Although it is well established they reside in seemingly all galaxies we do not know how they get so enormous.
They modeled their data and found that the structure is a very promising candidate for an intermediary black hole (IMBH) - a hypothetical class of black hole with mass in the range 100 to one million solar masses. The finding was also supported by further simulations of the gas movements. Astronomers have long chased evidence of mid-sized black holes - black holes larger than the ones formed from a single star, but still much smaller than supermassive black holes.
"Further detection of such compact high-velocity features in various environments may increase the number of non-luminous black hole candidate and thereby increase targets to search for evidential proof of general relativity".
The presence of the mid-sized black hole so close to Sagittarius A* - a mere 200 light years away - could provide valuable fuel to the theory that smaller black holes drift towards the centre of the galaxy, coalescing into bigger black holes until they join the supermassive centre point. "We have already detected several candidates for stray black holes". The speculated black hole is unique regarding size.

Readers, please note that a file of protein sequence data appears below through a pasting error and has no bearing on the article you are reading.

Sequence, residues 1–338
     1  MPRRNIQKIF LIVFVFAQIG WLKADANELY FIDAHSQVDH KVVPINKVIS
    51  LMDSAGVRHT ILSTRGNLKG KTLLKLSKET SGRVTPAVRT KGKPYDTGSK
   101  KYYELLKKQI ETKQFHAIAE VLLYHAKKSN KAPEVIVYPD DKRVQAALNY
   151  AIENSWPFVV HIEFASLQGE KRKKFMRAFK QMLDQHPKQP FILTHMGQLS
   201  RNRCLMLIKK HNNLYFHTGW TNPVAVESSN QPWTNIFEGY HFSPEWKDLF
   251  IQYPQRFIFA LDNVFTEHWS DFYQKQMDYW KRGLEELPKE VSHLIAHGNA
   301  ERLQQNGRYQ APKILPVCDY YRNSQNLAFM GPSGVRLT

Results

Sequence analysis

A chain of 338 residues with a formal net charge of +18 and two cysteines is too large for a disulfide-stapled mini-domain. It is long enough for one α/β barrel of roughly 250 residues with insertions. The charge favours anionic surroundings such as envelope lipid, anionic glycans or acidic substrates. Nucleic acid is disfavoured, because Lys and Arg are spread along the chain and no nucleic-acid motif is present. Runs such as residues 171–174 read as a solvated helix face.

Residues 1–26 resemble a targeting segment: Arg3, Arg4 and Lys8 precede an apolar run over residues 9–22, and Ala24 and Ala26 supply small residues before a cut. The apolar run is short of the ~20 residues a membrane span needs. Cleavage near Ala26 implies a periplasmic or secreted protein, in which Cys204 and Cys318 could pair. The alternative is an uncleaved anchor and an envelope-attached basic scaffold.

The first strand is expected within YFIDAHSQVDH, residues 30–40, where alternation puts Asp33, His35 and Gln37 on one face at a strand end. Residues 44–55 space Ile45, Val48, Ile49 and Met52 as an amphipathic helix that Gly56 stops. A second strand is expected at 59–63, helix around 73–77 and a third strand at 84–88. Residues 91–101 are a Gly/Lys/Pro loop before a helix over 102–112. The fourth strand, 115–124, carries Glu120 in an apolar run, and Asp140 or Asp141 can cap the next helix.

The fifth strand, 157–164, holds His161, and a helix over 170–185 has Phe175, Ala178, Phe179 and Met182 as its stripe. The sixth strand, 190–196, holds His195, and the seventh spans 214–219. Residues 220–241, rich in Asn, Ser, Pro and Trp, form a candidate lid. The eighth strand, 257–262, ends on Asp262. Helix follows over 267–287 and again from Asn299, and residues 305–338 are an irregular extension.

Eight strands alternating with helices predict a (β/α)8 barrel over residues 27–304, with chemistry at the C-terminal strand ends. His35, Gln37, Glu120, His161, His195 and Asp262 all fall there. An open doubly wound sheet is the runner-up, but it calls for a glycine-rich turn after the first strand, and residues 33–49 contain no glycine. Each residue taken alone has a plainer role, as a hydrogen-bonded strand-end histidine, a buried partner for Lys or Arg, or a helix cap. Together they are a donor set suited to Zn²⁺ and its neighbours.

But such black holes had not previously been reliably detected and their existence has been fiercely debated among the astronomical community.
One hypothesis, which scientists have always been looking to confirm, is the presence of what's called intermediate-mass black holes, which researchers think might act as seeds for their more massive counterparts. IMBHs are a newer theory; and while many have been proposed, none have been accepted yet. An absolutely huge black hole 100,000 times more massive than the sun has been discovered in a toxic gas cloud near the heart of the Milky Way.
"Based on the careful analysis of gas kinematics, we concluded a compact object with a mass of about 100,000 solar masses is lurking in this cloud", Prof Oka added.
If confirmed, the phenomena will measure in as an intermediate-mass black hole; a potentially enlightening link between the small black holes, which are born when stars end their lives, and supermassive black holes, existing at the hearts of galaxies.
Prof Oka said it suggests 'this massive object is an inactive IMBH which is not now accreting matter'.
Studies have suggested there could be between 100 million to 1 billion black holes in the Milky Way alone, but only about 60 have been identified. IMHBs have never been officially identified, though. While the existence of such a black hole in our galaxy has nearly been settled, not the same can be said for other types of black holes.